Titanic Shipwreck to Be Protected Under Treaty with the U.S.

In 1994, the company RMS Titanic Inc., a subsidiary of Premier Exhibitions, became the wreck’s salvor-in-possession—the only company allowed to collect artifacts. The company has now collected more than 5,500 artifacts, including a 17-ton section of the hull that was raised out of the ocean in 1998. Some artifacts were previously auctioned off by Henry Aldridge & Son, such as a water-stained letter written by a passenger on board[4] the ship that sold for £126,000 ($163,800) as well as a violin that sold for £1.1 million ($1.43 million). Photographs taken of the wreck during expeditions allowed the company RMS Titanic Inc. to recreate digital images of the grand staircase that featured in James Cameron’s 1997 film Titanic.

For years, diving companies such as Ocean Gate[5] have commercialized diving expeditions to the wreck by making them available to tourists prepared to spend tens of thousands of dollars. The first tourists dived to the wreck in 1998 and officials believe the last confirmed trip was in 2012.

“It is difficult to ascertain the activity around the wreck of the Titanic as there is currently no regulation,” Juliet Eales, the senior press officer for the U.K. Department of Transport, told TIME in an email. The new legislation will require trips carried out by U.K. or U.S. vessels to be sanctioned by either country through a licensing process.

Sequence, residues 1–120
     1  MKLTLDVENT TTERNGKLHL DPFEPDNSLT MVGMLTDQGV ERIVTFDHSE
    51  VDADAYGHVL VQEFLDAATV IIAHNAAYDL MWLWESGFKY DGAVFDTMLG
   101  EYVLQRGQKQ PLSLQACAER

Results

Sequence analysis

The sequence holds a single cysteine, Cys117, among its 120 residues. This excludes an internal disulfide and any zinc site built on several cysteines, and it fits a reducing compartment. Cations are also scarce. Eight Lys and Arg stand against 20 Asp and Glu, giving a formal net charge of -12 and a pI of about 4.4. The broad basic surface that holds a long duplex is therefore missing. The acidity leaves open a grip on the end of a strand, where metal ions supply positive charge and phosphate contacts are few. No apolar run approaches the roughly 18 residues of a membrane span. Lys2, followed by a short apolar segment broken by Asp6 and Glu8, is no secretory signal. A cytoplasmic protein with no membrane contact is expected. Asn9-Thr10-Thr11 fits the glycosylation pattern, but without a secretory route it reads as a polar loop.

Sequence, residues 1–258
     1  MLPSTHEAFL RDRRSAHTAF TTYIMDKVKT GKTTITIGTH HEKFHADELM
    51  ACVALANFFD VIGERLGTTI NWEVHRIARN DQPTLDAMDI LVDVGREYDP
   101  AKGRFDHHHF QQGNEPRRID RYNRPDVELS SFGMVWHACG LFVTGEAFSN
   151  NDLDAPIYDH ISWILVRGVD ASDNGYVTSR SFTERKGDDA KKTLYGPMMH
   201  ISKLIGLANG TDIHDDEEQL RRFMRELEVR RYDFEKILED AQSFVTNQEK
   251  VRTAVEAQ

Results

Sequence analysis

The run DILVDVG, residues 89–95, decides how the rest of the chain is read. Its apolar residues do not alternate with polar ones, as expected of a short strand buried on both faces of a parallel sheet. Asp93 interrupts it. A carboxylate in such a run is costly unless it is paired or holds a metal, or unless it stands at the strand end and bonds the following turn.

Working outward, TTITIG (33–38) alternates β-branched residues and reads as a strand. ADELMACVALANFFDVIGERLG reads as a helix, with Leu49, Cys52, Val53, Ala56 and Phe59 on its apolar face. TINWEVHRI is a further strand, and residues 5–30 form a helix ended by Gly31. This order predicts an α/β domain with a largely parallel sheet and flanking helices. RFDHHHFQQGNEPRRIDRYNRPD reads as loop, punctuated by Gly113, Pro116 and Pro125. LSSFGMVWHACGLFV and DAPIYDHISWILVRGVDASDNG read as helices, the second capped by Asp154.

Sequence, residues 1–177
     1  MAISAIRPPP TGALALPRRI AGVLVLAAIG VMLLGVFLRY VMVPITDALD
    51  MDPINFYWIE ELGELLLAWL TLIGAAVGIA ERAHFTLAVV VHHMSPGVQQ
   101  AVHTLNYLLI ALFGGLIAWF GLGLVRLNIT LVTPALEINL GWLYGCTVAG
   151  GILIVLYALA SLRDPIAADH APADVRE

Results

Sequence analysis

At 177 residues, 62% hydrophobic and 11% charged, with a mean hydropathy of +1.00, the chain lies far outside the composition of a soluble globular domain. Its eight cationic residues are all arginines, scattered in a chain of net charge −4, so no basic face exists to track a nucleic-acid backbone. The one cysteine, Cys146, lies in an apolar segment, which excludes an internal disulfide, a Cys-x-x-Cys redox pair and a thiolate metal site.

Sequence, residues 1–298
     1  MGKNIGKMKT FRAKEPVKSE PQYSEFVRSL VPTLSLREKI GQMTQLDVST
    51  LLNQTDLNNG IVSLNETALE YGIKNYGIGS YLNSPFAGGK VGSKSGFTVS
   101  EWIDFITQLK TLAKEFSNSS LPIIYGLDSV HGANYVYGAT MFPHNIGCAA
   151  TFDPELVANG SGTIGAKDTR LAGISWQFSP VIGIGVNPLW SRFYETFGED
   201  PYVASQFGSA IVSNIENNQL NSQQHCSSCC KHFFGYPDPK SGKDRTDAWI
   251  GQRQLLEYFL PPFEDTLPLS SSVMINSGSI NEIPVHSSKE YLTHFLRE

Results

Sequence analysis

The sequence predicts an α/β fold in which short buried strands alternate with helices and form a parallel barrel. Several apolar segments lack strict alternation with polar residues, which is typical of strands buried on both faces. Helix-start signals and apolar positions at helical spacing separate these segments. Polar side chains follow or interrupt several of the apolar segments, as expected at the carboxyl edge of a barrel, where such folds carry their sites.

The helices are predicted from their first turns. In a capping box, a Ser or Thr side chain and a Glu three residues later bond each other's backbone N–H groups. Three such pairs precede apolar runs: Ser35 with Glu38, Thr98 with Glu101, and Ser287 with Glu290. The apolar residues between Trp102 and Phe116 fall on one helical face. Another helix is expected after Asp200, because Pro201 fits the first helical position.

“Although this applies to U.K. and U.S. only, it goes a long way to restricting unregulated access as it targets many of those who are driven and equipped to carry out an expedition of this sort,” Eales added.

In any case, the opportunity for tourists to see the infamous wreck is slipping away. Scientists believe the shipwreck could disappear by 2030[6]. In August of last year, divers from Triton Submarines visited the shipwreck for the first time in 14 years and found much of it decaying.

“It was kind of a cool thing to see the ocean reclaiming it,” Patrick Lahey, the president of Triton, told the New York Times.[7] Divers discovered that the wreck has become a new home for marine life. “It’s unusual to find a shipwreck two miles down that’s so active” Lahey added.

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